Question is just because of knowing that telling the users to check the left/bottom of the browser before clicking on the link is a good/usable thing regarding security.
My non technical answer (unlike other answers which focus on the power of JS and CSS):
I think this idea of checking is absolutely not realistic (bordering on crazy) and as such nefarious for real-world, realistic computer security.
- Even if you disable changing the status bar in JS (why would a Website really need to alter the status bar anyway?),
- even if you disable JS (which breaks many nice Web features) so that the destination of a link cannot be changed with JS as shown in other answers,
- even if you go as far as disabling automatic HTTP redirects (which would be very annoying on some Websites)...
the idea of carefully checking the target of every single link is a perfect example of "security as the enemy of usability" thinking: it is not only impractical, it is so impractical that users would not only never apply this principle more a few minutes, they might even be led to believe that secure handling of a computer is just too difficult and not worth it.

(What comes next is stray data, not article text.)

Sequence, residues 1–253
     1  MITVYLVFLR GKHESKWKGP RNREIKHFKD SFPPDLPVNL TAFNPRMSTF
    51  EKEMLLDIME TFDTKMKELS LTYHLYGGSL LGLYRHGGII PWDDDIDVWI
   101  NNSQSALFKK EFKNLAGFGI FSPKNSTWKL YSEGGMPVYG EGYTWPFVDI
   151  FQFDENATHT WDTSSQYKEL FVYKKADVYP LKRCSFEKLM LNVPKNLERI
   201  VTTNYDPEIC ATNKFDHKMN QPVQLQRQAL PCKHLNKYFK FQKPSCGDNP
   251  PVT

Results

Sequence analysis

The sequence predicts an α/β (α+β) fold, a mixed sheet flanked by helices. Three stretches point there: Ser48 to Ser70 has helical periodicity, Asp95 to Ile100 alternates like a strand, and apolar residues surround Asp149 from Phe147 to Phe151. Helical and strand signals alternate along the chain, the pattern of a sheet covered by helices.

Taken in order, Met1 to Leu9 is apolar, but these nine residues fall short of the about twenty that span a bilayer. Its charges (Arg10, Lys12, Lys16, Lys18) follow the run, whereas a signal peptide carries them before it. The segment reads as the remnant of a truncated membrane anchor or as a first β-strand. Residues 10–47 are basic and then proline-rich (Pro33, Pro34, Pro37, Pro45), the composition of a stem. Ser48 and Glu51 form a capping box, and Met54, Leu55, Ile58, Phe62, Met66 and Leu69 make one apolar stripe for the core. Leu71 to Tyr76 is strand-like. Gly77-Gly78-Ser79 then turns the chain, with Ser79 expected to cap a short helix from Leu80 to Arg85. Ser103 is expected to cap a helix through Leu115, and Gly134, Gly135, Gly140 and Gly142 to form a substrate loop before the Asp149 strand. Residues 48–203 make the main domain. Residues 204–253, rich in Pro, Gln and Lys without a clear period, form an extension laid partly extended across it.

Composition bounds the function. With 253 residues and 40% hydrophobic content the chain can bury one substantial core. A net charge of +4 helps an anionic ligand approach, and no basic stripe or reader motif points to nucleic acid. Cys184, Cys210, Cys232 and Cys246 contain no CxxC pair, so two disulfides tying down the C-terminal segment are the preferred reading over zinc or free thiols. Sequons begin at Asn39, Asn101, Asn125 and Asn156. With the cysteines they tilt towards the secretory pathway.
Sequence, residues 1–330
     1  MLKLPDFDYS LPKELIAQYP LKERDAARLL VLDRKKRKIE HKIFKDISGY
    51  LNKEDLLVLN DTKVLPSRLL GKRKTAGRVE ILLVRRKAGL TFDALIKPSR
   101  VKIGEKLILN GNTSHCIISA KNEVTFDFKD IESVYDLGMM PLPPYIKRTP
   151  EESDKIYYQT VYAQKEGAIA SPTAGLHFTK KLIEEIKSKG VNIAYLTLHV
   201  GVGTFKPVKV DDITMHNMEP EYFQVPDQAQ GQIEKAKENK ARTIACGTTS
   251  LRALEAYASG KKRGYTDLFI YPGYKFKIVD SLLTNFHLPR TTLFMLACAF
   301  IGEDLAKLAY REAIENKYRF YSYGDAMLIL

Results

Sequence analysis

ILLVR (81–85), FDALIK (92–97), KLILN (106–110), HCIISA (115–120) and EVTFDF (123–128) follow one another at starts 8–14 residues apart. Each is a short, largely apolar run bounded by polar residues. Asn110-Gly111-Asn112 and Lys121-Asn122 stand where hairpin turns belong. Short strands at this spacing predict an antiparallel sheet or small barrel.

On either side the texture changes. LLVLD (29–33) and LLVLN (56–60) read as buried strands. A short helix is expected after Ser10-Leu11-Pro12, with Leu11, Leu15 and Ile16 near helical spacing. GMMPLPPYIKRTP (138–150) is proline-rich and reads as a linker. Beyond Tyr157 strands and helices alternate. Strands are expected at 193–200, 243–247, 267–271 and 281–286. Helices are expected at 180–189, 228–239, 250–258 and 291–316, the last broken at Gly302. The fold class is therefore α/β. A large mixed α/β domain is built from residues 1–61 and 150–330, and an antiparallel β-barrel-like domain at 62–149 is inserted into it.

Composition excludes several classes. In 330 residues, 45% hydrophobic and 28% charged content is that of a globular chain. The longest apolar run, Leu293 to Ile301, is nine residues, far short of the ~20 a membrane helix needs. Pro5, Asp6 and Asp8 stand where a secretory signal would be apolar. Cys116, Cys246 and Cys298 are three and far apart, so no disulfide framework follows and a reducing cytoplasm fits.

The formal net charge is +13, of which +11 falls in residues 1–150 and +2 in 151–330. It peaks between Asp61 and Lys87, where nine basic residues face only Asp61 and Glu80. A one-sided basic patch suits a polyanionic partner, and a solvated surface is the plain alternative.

When you are giving security advice, you are not just stating a recommendation appropriate in a particular context, you are sending a message about computer security in general: security is easy, security is not easy but attainable, or security is just too difficult.
If you give an advice which is clearly too difficult to seriously apply every single time, every single day, you are giving the impression that computer security is all about perfectly following awfully stringent requirements, something mere mortals cannot really do.
If you ask way too much, people simply give up. And "security experts" waste their credibility.
This is why security recommendations cannot just be given by semi-gods "security experts" offering their "science" to mere mortals; security recommendations must be tested in the real world; implementation of recommendations must be observed, measured. When experience shows the recommendation is not followed, it must be changed to become useful in the real world.
telling the users to check the left/bottom of the browser
Another issue is, even if you could find some users willing to "check" the target of every single link, these users would not even know how to do the "check", because they almost never have any idea where a link is supposed to point to.
The recommendation is not just way too hard to practice everyday, it is confusing.